13. Teenage Tata: Voices of Young Fathers in South Africa
By Sharlene Swartz and Arvin Bhana
Published by the Human Sciences Research Council (HSRC Press) in 2009, Teenage Tata: Voices of Young Fathers in South Africa was produced to provide a fresh and in-depth portrait of impoverished young South African men who became fathers while teenagers. According to the publishers, it provides space for their articulate and impassioned voices to be heard amidst the outcry against the absence of fathers, and offers insights into young fathers’ personal, emotional, financial, and cultural struggles as they come to terms with fatherhood. The study highlights young fathers’ strong sense of responsibility; poignant accounts of emotional engagement with their children and the women in their lives; the motivating power of young fathers’ own absent fathers on their parenting intentions; their desire for sex- and relationship-education from male family members, and their clear recognition of the help they need.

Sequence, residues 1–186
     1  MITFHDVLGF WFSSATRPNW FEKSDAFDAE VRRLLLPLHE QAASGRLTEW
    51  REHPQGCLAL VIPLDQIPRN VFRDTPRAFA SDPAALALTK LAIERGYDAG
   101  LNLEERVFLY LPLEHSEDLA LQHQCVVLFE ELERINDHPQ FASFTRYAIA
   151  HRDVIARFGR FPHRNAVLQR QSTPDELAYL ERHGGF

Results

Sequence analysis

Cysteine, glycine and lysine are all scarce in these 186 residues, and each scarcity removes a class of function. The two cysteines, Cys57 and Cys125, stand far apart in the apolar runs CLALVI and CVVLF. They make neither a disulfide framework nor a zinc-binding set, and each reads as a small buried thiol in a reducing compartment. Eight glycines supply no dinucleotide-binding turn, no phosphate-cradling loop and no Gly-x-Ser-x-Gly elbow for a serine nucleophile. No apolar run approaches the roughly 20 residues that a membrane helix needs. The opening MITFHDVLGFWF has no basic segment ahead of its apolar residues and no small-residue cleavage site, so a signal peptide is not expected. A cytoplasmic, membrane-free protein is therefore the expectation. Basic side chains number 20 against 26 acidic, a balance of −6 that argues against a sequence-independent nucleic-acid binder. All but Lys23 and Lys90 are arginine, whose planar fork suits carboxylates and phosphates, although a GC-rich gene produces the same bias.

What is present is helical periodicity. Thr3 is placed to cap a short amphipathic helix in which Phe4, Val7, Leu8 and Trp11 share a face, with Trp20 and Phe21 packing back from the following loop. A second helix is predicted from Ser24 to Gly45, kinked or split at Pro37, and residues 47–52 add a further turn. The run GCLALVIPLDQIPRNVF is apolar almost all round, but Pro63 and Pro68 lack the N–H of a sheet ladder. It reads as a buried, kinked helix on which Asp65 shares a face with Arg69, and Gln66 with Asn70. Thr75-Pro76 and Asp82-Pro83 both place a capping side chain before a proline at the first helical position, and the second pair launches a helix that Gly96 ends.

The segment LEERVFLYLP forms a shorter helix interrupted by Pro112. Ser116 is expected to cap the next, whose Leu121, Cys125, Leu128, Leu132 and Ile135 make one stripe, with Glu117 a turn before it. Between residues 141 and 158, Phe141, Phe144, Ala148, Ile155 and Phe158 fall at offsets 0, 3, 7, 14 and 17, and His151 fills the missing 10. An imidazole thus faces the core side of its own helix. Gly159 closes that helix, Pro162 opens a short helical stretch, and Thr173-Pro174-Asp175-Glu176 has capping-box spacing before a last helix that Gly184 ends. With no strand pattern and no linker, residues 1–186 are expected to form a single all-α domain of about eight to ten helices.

14. LubutoMentoring Programme - Zambia
Launched in September 2009 by the Lubuto Library Project (LLP), LubutoMentoring is a programme for orphans and vulnerable children that combines group discussion with storytelling, which LLP says is a traditional way to pass down values and connect children to their roots and society. In partnership with Project Concern International, Zambian sociologist and motivational speaker Dr. Lawrence Mukuka designed this programme of counselling, mentoring, and encouraging traditional values, tailored specifically to the needs of OVC and youth served by Lubuto Libraries in Zambia.
15. ARROW (Art: A Resource for Reconciliation Over the World) South Africa